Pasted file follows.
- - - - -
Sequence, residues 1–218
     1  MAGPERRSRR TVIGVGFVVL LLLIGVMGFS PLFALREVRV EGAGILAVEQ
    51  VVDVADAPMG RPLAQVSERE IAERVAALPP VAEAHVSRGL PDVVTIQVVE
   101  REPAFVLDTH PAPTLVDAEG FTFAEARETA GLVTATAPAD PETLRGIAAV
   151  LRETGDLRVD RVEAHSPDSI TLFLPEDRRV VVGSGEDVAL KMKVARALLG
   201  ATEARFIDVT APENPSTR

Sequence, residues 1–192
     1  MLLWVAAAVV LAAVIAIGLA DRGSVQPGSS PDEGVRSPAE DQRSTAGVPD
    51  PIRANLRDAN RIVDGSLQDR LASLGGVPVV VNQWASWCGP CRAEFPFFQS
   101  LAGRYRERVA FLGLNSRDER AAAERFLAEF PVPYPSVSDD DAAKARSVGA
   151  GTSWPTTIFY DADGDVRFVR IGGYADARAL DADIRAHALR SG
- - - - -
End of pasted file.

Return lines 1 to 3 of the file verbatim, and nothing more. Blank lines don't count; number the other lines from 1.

Sequence, residues 1–218
     1  MAGPERRSRR TVIGVGFVVL LLLIGVMGFS PLFALREVRV EGAGILAVEQ
    51  VVDVADAPMG RPLAQVSERE IAERVAALPP VAEAHVSRGL PDVVTIQVVE